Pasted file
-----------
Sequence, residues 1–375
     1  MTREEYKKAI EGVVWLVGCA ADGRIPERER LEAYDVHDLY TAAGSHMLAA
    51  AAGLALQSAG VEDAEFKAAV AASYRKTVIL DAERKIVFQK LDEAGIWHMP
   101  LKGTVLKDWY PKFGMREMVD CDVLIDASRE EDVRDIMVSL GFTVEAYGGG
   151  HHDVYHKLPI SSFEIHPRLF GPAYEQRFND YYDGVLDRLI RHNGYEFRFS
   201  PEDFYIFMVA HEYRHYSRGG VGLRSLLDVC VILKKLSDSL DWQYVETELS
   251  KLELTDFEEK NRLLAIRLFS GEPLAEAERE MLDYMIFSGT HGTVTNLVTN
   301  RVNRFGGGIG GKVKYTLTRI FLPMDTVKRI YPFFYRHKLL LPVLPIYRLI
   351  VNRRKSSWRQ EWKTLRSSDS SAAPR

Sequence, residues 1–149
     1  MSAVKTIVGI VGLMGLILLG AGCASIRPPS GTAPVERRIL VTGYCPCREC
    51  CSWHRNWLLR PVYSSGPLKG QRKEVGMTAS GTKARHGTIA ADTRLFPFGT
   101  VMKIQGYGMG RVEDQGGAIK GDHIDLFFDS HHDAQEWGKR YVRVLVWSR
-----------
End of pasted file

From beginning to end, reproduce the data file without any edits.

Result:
Sequence, residues 1–375
     1  MTREEYKKAI EGVVWLVGCA ADGRIPERER LEAYDVHDLY TAAGSHMLAA
    51  AAGLALQSAG VEDAEFKAAV AASYRKTVIL DAERKIVFQK LDEAGIWHMP
   101  LKGTVLKDWY PKFGMREMVD CDVLIDASRE EDVRDIMVSL GFTVEAYGGG
   151  HHDVYHKLPI SSFEIHPRLF GPAYEQRFND YYDGVLDRLI RHNGYEFRFS
   201  PEDFYIFMVA HEYRHYSRGG VGLRSLLDVC VILKKLSDSL DWQYVETELS
   251  KLELTDFEEK NRLLAIRLFS GEPLAEAERE MLDYMIFSGT HGTVTNLVTN
   301  RVNRFGGGIG GKVKYTLTRI FLPMDTVKRI YPFFYRHKLL LPVLPIYRLI
   351  VNRRKSSWRQ EWKTLRSSDS SAAPR

Sequence, residues 1–149
     1  MSAVKTIVGI VGLMGLILLG AGCASIRPPS GTAPVERRIL VTGYCPCREC
    51  CSWHRNWLLR PVYSSGPLKG QRKEVGMTAS GTKARHGTIA ADTRLFPFGT
   101  VMKIQGYGMG RVEDQGGAIK GDHIDLFFDS HHDAQEWGKR YVRVLVWSR